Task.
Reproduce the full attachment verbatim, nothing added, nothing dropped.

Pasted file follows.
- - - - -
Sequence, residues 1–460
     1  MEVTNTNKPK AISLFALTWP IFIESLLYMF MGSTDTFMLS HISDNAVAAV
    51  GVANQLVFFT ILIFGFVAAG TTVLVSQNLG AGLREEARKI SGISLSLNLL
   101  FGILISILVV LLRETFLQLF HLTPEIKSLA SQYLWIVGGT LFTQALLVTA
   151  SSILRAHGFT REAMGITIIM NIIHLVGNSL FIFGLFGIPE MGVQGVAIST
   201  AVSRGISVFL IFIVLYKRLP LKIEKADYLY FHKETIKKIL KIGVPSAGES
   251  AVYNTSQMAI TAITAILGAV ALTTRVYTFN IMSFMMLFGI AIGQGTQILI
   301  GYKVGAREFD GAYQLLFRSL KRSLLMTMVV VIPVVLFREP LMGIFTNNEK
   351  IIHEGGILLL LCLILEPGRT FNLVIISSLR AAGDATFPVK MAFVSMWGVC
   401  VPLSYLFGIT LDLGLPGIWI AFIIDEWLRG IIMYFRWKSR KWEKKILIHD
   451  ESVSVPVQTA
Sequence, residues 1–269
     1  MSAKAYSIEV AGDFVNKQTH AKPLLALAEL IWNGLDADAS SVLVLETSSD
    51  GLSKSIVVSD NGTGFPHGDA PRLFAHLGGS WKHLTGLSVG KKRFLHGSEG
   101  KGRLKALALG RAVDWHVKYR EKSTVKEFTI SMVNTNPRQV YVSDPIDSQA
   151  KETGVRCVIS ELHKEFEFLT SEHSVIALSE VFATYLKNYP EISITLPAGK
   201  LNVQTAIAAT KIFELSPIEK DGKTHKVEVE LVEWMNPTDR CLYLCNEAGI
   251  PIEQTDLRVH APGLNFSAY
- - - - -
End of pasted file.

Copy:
Sequence, residues 1–460
     1  MEVTNTNKPK AISLFALTWP IFIESLLYMF MGSTDTFMLS HISDNAVAAV
    51  GVANQLVFFT ILIFGFVAAG TTVLVSQNLG AGLREEARKI SGISLSLNLL
   101  FGILISILVV LLRETFLQLF HLTPEIKSLA SQYLWIVGGT LFTQALLVTA
   151  SSILRAHGFT REAMGITIIM NIIHLVGNSL FIFGLFGIPE MGVQGVAIST
   201  AVSRGISVFL IFIVLYKRLP LKIEKADYLY FHKETIKKIL KIGVPSAGES
   251  AVYNTSQMAI TAITAILGAV ALTTRVYTFN IMSFMMLFGI AIGQGTQILI
   301  GYKVGAREFD GAYQLLFRSL KRSLLMTMVV VIPVVLFREP LMGIFTNNEK
   351  IIHEGGILLL LCLILEPGRT FNLVIISSLR AAGDATFPVK MAFVSMWGVC
   401  VPLSYLFGIT LDLGLPGIWI AFIIDEWLRG IIMYFRWKSR KWEKKILIHD
   451  ESVSVPVQTA
Sequence, residues 1–269
     1  MSAKAYSIEV AGDFVNKQTH AKPLLALAEL IWNGLDADAS SVLVLETSSD
    51  GLSKSIVVSD NGTGFPHGDA PRLFAHLGGS WKHLTGLSVG KKRFLHGSEG
   101  KGRLKALALG RAVDWHVKYR EKSTVKEFTI SMVNTNPRQV YVSDPIDSQA
   151  KETGVRCVIS ELHKEFEFLT SEHSVIALSE VFATYLKNYP EISITLPAGK
   201  LNVQTAIAAT KIFELSPIEK DGKTHKVEVE LVEWMNPTDR CLYLCNEAGI
   251  PIEQTDLRVH APGLNFSAY